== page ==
Appearances on my way to work

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A ride in one of the mini buses in Ghana

It is one of these very hot mornings, when I feel the moist air on my face although there is a swift cold breeze blowing over the pathway to my bus station. I press myself through parked mini buses and honking cars on the street to where my bus stop is. The mate, who is the person in charge of taking the money of the passengers and opening and closing the sliding door whenever someone shouts ‘bus stop’, is already smiling at me. There are not many white people in this neighborhood and the ones you see zoom by in nice cars with their windows rolled up enjoying the AC inside the car. Every morning I hop on the mini bus, it is not just the cheapest way of transportation and very convenient to my work place, it is also simply a thing locals do and I never try to behave like a ‘typical expat’. I climb inside the rusty old mini bus and find my seat on one of the very small benches inside. I step on someone’s foot as I try not to bang my head against any metal piece on top, I apologize right away and try to find a face to the foot. When I meet the eyes of my victim, he just glances at me in an annoyed way. I sit down right next to him and while I am squeezed in the row, he keeps his knees spread apart and leans with arms wide open towards the seat row in front of us. Dressed in nice trousers and a nice white shirt, holding a big smart phone in his hand, he looks just as wrong in this place as I do. The bus leaves the station and picks up more wandering souls along the way.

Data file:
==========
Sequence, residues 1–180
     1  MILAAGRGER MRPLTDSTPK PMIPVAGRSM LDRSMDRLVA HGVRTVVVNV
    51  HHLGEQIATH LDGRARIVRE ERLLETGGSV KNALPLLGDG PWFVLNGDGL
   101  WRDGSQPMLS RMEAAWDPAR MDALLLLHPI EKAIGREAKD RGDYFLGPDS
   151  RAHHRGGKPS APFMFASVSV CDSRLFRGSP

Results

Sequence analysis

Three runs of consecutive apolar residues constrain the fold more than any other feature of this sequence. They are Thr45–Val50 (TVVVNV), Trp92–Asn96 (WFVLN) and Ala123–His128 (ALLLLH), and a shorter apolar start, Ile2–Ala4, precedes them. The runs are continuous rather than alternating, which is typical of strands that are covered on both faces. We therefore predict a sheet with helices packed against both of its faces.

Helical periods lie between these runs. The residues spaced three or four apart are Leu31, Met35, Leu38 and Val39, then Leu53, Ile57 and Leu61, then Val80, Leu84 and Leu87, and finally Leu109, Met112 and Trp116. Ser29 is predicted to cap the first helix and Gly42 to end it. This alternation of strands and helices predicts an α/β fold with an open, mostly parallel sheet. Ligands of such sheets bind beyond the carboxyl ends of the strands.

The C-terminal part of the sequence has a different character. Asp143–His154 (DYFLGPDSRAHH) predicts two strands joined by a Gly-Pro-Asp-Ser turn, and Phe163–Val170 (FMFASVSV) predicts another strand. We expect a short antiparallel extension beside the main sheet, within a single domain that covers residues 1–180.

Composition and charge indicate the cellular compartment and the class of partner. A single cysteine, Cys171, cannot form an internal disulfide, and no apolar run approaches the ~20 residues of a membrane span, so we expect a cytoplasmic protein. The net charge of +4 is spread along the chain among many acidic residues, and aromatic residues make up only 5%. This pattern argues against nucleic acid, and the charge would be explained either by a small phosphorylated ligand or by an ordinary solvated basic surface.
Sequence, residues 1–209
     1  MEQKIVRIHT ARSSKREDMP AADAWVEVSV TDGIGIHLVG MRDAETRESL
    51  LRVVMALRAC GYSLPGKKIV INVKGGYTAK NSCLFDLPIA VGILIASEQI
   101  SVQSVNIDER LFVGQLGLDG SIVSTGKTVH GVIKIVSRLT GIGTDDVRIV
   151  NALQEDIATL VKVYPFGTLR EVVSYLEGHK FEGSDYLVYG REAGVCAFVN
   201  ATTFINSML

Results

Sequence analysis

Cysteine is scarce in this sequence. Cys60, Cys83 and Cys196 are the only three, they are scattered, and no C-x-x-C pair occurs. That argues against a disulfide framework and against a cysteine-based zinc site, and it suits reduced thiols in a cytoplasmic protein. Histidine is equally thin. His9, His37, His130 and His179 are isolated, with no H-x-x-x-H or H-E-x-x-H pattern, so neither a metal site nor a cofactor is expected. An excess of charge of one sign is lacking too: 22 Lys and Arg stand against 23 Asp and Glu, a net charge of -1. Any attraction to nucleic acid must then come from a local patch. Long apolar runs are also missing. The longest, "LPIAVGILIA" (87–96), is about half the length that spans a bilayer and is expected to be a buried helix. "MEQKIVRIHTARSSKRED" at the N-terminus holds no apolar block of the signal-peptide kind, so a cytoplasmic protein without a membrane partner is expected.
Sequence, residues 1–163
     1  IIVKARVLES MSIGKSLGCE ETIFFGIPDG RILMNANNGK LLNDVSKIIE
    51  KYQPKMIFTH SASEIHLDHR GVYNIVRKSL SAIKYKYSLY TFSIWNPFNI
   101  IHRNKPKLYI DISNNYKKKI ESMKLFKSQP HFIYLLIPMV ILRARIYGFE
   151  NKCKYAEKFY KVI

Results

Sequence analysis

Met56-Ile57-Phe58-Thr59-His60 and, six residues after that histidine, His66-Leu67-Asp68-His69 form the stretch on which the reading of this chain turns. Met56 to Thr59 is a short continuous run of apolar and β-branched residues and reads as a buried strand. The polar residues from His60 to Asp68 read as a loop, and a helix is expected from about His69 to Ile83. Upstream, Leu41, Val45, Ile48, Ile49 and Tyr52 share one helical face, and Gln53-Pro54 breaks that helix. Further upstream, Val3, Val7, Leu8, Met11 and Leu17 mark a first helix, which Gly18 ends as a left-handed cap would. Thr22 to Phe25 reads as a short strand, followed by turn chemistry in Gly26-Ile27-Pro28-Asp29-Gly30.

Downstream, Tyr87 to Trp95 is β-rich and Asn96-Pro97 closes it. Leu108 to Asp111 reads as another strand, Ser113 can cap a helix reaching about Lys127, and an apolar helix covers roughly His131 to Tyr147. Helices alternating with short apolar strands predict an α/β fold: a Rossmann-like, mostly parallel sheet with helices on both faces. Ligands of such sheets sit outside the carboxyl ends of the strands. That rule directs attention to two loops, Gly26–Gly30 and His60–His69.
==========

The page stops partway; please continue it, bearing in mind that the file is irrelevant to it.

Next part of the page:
I respect mates. Usually, they do an amazing work with hollering out on the street where the bus is going, making sure to stop in time someone on the street makes a sign to join or someone on the mini bus mumbles ‘bus stop’ and meanwhile they collect money from the passengers, remembering exactly who of the 15-20 people gave what amount so that in the end he is able to give the exact change. Just this time, the mate seemed a bit overwhelmed. When it was my row that had to pay, I stretched my arm towards the mate and handed him my few coins. Suddely, someone demands to get off the bus short-noticed, the bus breaks, the passenger gets off, the mate closes the sliding door and so we continue. He asked the remaining passengers to pay, but does not point his finger at anyone in particular. This is when I notice that the well-dressed man who has been playing on his expensive phone next to me, slowly slides his little money back into his pocket, so that no one notices he has not paid yet. For a brief moment I wonder if I should say something. Something like ‘do you know that the driver and the mate are doing their job and you are using their service?’. Or should I whisper to the mate that the gentleman next to me has not paid yet? How come someone appearing so ‘big’ behave so foolish and disrespectful to people who do their job? As I drift into deep thoughts about injustice in the world and how we are not fair to our fellow human beings, showing them the respect they deserve, I hear the gentleman holler his ‘bus stop’. At the next station, he pushes past the other ones sitting in his row, hops off the mini bus and wanders off to start his day, all without looking at the mate and probably not even rethinking whether he should pay for his ride after all…

2 Responses

  1. Awudi Atitsogbui
    | Reply

    Thank you Natalie for sharing such touching post. I am really greatful for that. I am from Ghana living here in Croatia. Have seen and withness such incident as well. Next tie you can give signal to the mate. The opposite side of the story is that, most of the time some if the mate’s at times will desperately pretends to keep yiur change if you the passenger do not remind them for it. Hahahahahahahaha

    • Natalie
      | Reply

      I am so happy to read from you! Hahaha you are right, the hunt for your change is also a real one sometimes. Lately tho, I have had very honest mates. I should be more grateful for that. Or should that be the rule? Hmmm hehehe

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